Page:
AHRQ details new health IT research grants

By Government Health IT Staff
09:40 AM
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The Agency for Healthcare Research and Quality (AHRQ) is offering career development research grants focused on healthcare IT. The grants will support the career development of clinical and research doctorates focusing on one of three health IT research areas. 

Career development grant applications will be funded for 3-5 years. Dissertation grant applications will be funded for 9 to 17 months.

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The three health IT research areas are:

  1. Health IT to improve the quality and safety of medication management; this includes the utilization of medication management systems and technologies; ambulatory health care providers and out-patient pharmacists’ use of electronic prescribing systems and/or medication management technologies; integration of evidence-based decision support for priority conditions within electronic prescribing systems; and, providing patients electronic tools to support medication self-management.
  2. Health IT to support patient-centered care; this includes, but is not limited to, a focus on the coordination of care across transitions in care settings and the use of electronic exchange of health information to improve quality of care. Patient-centered care is responsive to the needs and preferences of individual patients, provides patients and/or their caregivers with access to their medical information, facilitates communication between patients, caregivers and providers, and empowers patients to be active participants in care decisions and in the daily management of their health and illnesses.
  3. Health IT to improve healthcare decision making; this includes the development, implementation, and integration of health IT systems or applications through the use of integrated data and knowledge management. AHRQ encourages research projects and career development that will use health IT applications that apply principles to evidence-based medicine including the use of the best available evidence, health care providers’ ability to execute their best judgment, and consideration of patients’ expressed treatment preferences.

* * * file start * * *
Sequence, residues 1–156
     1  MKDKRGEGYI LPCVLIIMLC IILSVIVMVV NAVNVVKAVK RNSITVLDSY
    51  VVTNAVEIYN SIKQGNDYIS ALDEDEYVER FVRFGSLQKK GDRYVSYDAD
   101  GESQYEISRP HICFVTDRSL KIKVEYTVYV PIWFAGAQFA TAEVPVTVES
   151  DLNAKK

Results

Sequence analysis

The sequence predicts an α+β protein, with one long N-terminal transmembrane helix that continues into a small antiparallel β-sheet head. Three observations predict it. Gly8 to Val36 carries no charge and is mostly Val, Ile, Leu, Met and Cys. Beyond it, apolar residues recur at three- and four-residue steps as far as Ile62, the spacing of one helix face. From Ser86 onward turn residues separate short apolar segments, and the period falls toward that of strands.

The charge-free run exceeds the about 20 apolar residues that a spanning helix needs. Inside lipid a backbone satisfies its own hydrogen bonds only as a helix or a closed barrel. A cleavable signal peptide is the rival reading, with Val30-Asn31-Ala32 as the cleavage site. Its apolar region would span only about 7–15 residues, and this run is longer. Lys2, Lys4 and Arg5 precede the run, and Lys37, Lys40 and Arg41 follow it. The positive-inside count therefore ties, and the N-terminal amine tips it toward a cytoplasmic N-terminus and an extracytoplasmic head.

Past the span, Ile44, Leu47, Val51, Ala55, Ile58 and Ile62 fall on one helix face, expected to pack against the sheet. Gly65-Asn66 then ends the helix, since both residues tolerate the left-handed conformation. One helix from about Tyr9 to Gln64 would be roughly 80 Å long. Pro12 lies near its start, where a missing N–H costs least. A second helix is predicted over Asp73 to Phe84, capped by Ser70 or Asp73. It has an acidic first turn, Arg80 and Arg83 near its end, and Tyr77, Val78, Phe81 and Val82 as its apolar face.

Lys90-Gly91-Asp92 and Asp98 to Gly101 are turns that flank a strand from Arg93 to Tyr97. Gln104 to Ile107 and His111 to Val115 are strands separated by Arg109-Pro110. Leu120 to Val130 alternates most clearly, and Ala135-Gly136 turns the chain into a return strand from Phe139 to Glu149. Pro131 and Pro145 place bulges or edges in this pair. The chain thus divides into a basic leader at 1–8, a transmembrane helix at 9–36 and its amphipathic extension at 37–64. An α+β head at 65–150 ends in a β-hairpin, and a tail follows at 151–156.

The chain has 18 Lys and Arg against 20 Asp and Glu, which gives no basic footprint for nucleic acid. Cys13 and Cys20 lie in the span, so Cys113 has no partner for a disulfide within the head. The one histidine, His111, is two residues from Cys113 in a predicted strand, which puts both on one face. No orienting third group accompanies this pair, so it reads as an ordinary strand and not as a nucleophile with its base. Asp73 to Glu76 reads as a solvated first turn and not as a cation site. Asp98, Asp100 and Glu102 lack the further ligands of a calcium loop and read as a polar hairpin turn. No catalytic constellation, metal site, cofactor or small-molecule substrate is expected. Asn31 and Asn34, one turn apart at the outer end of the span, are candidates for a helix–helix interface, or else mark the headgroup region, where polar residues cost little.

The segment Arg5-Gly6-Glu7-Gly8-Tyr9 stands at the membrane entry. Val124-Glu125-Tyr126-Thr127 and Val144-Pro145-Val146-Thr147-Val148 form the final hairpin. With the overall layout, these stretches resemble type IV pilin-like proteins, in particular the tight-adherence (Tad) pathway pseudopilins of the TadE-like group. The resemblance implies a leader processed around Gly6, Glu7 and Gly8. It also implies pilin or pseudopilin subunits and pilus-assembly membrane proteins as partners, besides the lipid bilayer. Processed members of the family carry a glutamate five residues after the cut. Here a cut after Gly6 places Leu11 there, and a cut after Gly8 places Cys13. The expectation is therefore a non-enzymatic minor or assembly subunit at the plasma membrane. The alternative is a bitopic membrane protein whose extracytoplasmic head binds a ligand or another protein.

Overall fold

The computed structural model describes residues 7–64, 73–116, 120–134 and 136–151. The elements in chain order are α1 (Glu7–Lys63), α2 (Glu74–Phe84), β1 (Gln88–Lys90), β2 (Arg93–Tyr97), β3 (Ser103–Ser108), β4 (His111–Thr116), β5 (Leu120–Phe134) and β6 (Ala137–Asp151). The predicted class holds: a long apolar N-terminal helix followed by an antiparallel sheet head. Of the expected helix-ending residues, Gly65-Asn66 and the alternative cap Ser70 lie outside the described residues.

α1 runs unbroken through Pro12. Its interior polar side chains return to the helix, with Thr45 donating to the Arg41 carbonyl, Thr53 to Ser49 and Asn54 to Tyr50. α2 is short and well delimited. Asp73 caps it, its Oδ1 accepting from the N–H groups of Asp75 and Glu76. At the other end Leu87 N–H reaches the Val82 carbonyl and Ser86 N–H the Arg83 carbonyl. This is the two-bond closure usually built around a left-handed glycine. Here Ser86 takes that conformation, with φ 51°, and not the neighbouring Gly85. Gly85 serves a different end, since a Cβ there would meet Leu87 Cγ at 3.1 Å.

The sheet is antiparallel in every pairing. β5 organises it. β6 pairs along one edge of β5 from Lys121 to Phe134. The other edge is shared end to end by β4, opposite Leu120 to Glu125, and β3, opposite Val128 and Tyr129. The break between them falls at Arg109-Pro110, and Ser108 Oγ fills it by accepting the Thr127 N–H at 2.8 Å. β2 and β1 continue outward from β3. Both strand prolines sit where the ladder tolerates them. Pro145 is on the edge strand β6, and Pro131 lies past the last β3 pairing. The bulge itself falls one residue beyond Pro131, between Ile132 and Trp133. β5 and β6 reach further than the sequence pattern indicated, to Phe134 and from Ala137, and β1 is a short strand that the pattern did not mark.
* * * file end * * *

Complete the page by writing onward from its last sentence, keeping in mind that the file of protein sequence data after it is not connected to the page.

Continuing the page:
AHRQ is particularly interested in funding projects that fill known gaps in the field for each of the three research areas.

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Given the breadth of each of these research areas and the limitation on time and financial resources of a single career or dissertation grant, one grant is not expected to single-handedly address all elements of a health IT research area, according to AHRQ. Rather, an applicant must describe how coursework, research, and/or mentorship, as appropriate, will provide a foundation and generate knowledge regarding elements of that research area. 

AHRQ recommends applicants review health IT evidence reports. In addition, applicants should review specific research topics of interest outlined in the recently published health IT funding opportunity announcements available at: http://grants.nih.gov/grants/guide/pa-files/PA-11-198.html and http://grants.nih.gov/grants/guide/pa-files/PA-11-199.html.